Music And The Brain Studies In The Neurology Of Music Musicophilia – Tales of Music and the Brain

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Musicophilia – Tales of Music and the Brain

Musicophilia – Tales of Music and the Brain is a nonfiction book written by Oliver Sacks, professor of neurology and psychiatry at Columbia University Medical Center. The basis of his book is the universal love and appreciation of music that mankind has in common. This is a quality limited to the human species and not found in other primates. Musicophilia manifests itself in infancy and is a quality found in every human culture. He believes that musicophilia dates back to the beginning of our species. Birdsongs are fixed in structure and never seem to change, but this must be fixed in the bird’s brain because there is never any improvisation and seems to be a combined phenomenon.

The human brain has several scattered networks and no single musical center. Everyone has the ability to sense tone, rhythm, harmony level, and timbre. We use different parts of our brain to put it all together. Much of this action is often unconscious, but it adds a powerful and deeply emotional action to the music. Listening to music is not only emotional, but it also tones the muscles and uses the muscles to tap and dance to the beat. We have a very durable musical memory because what we hear in childhood stays with us throughout our lives.

However, this wonderful mechanism of the brain is prone to distortion, overload and damage. This can occur in a variety of cortical disorders, including Parkinsonism, Alzheimer’s, stroke, autism, and other psychiatric disorders. An example of a music-related wasting syndrome is musicogenic epilepsy. In these people, certain tones, pitches, or tones can trigger a region of the temporal lobe that can cause seizures. These people learn to stay away from any music-related events.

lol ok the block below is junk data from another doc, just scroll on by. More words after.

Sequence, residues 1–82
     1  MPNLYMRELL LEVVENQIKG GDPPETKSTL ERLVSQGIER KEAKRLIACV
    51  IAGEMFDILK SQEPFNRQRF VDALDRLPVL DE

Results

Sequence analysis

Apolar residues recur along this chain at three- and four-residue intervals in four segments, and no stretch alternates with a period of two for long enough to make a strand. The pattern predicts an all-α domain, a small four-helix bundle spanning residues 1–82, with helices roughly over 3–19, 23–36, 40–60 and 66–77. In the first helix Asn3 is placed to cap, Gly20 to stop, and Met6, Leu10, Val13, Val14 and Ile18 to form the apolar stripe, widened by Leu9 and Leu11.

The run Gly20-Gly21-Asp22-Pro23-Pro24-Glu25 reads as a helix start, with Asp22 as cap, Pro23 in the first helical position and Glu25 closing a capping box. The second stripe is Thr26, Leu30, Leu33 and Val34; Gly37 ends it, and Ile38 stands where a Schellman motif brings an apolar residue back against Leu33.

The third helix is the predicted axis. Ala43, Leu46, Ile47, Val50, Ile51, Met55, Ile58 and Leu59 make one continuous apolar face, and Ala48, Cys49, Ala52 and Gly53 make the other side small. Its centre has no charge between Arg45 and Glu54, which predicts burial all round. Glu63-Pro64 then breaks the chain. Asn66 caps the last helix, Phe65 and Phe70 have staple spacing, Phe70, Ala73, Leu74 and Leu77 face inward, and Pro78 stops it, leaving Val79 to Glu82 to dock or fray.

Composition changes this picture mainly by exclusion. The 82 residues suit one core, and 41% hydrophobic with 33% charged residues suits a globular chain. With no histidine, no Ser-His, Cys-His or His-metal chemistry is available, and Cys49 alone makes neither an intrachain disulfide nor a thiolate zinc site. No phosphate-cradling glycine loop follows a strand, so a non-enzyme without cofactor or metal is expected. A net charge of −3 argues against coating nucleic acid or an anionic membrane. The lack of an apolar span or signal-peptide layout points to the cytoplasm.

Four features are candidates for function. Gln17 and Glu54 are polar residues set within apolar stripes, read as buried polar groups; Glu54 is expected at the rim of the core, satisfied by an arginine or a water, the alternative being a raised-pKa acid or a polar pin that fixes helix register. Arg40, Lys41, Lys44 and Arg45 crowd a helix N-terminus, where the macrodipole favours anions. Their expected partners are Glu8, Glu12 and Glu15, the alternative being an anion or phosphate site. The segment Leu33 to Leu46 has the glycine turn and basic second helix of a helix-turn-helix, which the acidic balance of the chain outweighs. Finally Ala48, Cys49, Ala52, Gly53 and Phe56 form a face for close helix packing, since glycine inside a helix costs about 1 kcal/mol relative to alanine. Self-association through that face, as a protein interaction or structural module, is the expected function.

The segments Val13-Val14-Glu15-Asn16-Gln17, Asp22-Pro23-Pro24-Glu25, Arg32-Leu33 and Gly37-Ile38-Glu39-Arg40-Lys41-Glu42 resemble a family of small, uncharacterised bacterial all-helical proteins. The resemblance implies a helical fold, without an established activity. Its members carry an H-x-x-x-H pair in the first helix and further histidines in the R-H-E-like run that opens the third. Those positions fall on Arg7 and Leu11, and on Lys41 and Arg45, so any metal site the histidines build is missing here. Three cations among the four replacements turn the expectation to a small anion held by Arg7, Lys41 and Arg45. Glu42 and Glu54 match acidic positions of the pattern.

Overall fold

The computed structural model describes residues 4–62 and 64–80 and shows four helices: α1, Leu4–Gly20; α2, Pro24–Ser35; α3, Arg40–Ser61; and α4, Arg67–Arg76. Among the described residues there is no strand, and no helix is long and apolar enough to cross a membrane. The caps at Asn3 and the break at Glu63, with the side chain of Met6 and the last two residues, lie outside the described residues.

People who are absolutely vocal [ Mozart is an example] MRI studies have shown an extreme asymmetry between the volumes of the right and left temporal lobes, brain structures important for perceiving speech and music. On the other hand, people with imperfect ears often have damage to the cochlea in the inner ear.

Music geniuses are people who have brain damage that improves their musical abilities. Some of these people, despite their mental and physical limitations, may have reports of performing over a thousand operas or hundreds of symphonies. The brain damage they suffered appears to have enhanced the right side of the brain, allowing them to develop these musical abilities.

In synthetics, one sensory experience can directly and automatically trigger another. One of these people may perceive the days of the week as having their own color. Others may associate smells with colors. In other cases, a color such as C may invoke the color red. Some aesthetes can see many colors when listening to a symphony.

Because emotional responses to music are widespread and probably not only cortical, but also subcortical in nature, music can be enjoyed even in diffuse cortical diseases such as Alzheimer’s disease. One does not have to have a formal education to enjoy music. While we spend our days stomping our feet, singing, singing oldies, and even crying to the emotions that music can evoke within us, music is a human being.

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